Here is a recent question I received: “When screening tenants, if they have bad credit but a solid rental history would you rent to them? Do you recommend credit checks or focus more on criminal and rental history.” I originally just shot back an answer in a comment, but then decided it probably needs more attention. I have written about Tenant Application-Red Flags, My $2000 Tenant Screening Mistake, and even Screening Tenants Using MySpace, but I have not addressed what you do when you actually receive a rental application and what to look for.
When I meet a prospective tenant, I tell them that I require a completed rental application and that the application fee is $25, non-refundable. I explain that in Minnesota I use a service that gives me a report on credit, criminal, and rental history and that I am looking for anything recent or significant. I require each adult to fill out an application regardless of who is on the lease and I ask them up front if there is anything in their background that I may find. Most importantly, I require the prospective tenant to fill out and sign a copy of my Rental Application Policies. This document tells the prospective tenant (in writing) what I am looking for when screening tenants. In fact, it is required by law when leasing Minnesota investment property. It can also act as a liability shield if someone tries to sue you for discrimination.
Once I process the application, I find that most of my tenants have less than perfect credit. In fact, some have terrible credit. If the following items are satisfactory, I will overlook their bad credit (assuming they have no criminal or rental red-flags):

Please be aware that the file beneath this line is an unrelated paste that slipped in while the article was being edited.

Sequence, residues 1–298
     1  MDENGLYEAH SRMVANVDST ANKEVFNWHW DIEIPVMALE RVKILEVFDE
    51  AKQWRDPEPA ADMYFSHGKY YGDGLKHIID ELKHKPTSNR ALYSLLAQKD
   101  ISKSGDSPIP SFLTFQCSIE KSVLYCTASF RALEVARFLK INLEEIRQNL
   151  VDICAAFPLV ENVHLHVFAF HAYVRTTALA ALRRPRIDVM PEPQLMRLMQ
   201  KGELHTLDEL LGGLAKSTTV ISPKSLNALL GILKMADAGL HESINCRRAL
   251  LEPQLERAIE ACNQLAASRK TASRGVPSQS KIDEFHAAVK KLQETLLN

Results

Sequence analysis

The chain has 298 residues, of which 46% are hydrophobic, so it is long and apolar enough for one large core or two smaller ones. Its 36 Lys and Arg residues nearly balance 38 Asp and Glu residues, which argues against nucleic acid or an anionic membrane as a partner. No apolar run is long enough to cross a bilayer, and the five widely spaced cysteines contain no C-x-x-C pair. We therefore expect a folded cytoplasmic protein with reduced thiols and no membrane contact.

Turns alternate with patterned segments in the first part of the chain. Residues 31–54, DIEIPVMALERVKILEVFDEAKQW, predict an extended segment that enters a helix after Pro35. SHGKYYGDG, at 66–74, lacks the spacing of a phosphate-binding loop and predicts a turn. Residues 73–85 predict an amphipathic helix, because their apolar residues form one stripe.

- I review the circumstances of how they got the bad credit (collections, late payments, large debts). Very often tenants have utilities, cable bills, or cell phone bills in collections, which I am not overly concerned about.
- Is their income more than 3x the rent amount (in other words, would they be spending more than 1/3 of their income on rent)?
- If they have a stable long-term job, it speaks to their ability to pay the rent.
- The length of time they lived at their previous address also tells me about their stability.
- The amount of the rent at their previous address compared to my rent. If they are increasing their rent amount significantly, they should be able to justify the increase and have a plan to pay for it.
- Lastly, I contact their current landlord to confirm they pay their rent on time.
Any red flags in the above items will trigger a denial. The following items, in other areas, may trigger a denial:
- If they have any larger items in collections (cars, boats). Again I look really hard at their employment and income.
- A derogatory report from their current landlord is an immediate denial.
- Any felonies in the 10 years or any sexual assault related charges ever. I review the charge or conviction on gross misdemeanors and other violations.
- Any evictions in the last 5 years will most certainly lead to a denial unless the judgement was satisfied.
- If the prospective tenant does not have the ability to pay the damage deposit and first month’s rent.
- A new search that I do, is searching for their email address and cell phone number in Google.
While this process is not perfect and I probably have a few false-positives where I deny a tenant that may turn out good, I have had my share of bad tenants and it is cheaper to screen a prospect up front than evict a tenant later!
Robert Thomas says
Do you really mean “Is their income less than 40% of the rent amount?” Better would be ‘Is their rent more than 40% of their net income?’, meaning over 40% of their take home pay would be so much they would eventually not be able to pay the rent. Very few tenants would give up eating in order to pay the rent.
Scott Ficek says
Yes. You are correct. It is the old rule, “do you make 3x the rent in income”, so that their rent is no more than 30% their income. I’ll reword that.